Gal (left) and Nerya present their project [file] 370.
(photo credit:Courtesy of JCT)
Within a week, two students from the Torah U’Mada yeshiva high school of the
Jerusalem College of Technology (JCT) won third place – among 1,500 candidates –
in the Intel International Science and Engineering Fair in Pittsburgh, and
another pair finished in first place in the Israeli competition for the
Stockholm Junior Water Prize in the field of energy and water.
contest winners, Nerya Stroh and Gal Oren, received $2,000 each for their work
on a user-friendly computerized device called AquaStop that detects water leaks
in apartments, buildings, factories and neighborhoods in real time and can even
halt the water flow.
They now serve in the IDF in the field of computers.
In December 2010, Stroh and Oren – now 21-years-old – won first place in the
Stockholm Junior Water Prize held among Israeli pupils.
The 2012 winners
of the water prize are Torah U’Mada students David Agassi and Bashan Yehezkel.
Academics in the JCT’s “13th Grade” program (which provides pupils with a
bachelor’s degree in engineering before they enter military service), they will
travel to Stockholm in the fall to compete in the International Junior Water
Prize competition, run by the Swedish royal family and sponsored by the
country’s government. It was the first time that the same school took first
prize in the prestigious competition.
As in 2010, Swedish Ambassador
Elinor Hammarskjöld is due to visit the JCT campus in the capital’s Givat
Mordechai neighborhood to present the award to the 19-year-olds.
winning teams were mentored from start to finish by David Gelman, a veteran
electrical engineer at JCT at the college level who also teaches high school
pupils at Torah U’Mada. He accompanied Stroh (whose father, Uri, is also an
electrical engineer and encryption expert at JCT) and Oren to the Pittsburgh
competition. The Alcoa corporation contributed another $1,000 to the Intel prize
for total winnings of $2,000 for each young man, Gelman said.
Pittsburgh, 100 teams of judges divided up the work, Gelman told The Jerusalem
Post, but 50 teams individually decided to visit the Israeli stand because of
the interest generated by the invention.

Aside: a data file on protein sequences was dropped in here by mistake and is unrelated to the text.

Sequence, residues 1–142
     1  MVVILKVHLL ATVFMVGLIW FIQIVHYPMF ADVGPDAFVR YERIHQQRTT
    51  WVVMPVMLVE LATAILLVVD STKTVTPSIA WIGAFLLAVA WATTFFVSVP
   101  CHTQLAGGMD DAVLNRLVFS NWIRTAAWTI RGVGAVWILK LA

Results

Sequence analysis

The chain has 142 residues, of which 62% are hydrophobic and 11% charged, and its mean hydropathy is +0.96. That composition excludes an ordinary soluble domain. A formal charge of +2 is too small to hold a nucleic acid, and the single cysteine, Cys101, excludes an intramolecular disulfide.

He said he teaches the same
subjects in the high school and the college. “But a course that I give at the
college in just one semester, I teach more slowly – in a whole year – at the
high school level,” said the Russian-born engineer.
JCT president Prof.
Noah Dana-Picard told the Post this week that he was very proud of both teams –
the older ones who excelled at the Intel competition and the younger ones who
received their award at a Tel Aviv University ceremony.
competition brings together the world’s brightest young scientists to encourage
their continued interest in water and the environment.
thousands of participants from over 30 countries join national competitions for
the chance to represent their nation at the international final held during
World Water Week in Stockholm. During their time there, winners of the national
competitions receive an opportunity to meet and learn from the present leaders
of the global water community, and forge lifelong friendships with international
compatriots who share a passion for water and science.
Yehezkel developed “a smart sun heater” that makes it possible to save not only
water but also energy in any home. Their project is also thought to solve the
halachic problem involved in using water warmed up by solar heaters on Shabbat,
which are otherwise forbidden because they cause cold water to be heated
In another five weeks, the two will receive their bachelor’s degree
in computer science from JCT as part of the joint high school-college
Torah U’Mada co-head Natan Klein told the Post that the school
excels because of the students and the staff, many of whom also teach at the
academic level at JCT in a multidisciplinary way. “A few months ago, we were
told by the Education Ministry’s technology department that four of 10 high
school projects chosen for excellence came from Torah U’Mada,” he
The school’s principal, Rabbi Amos Kleiger, added: “Four of our
graduates have won the Israel Defense Prize as adults.”
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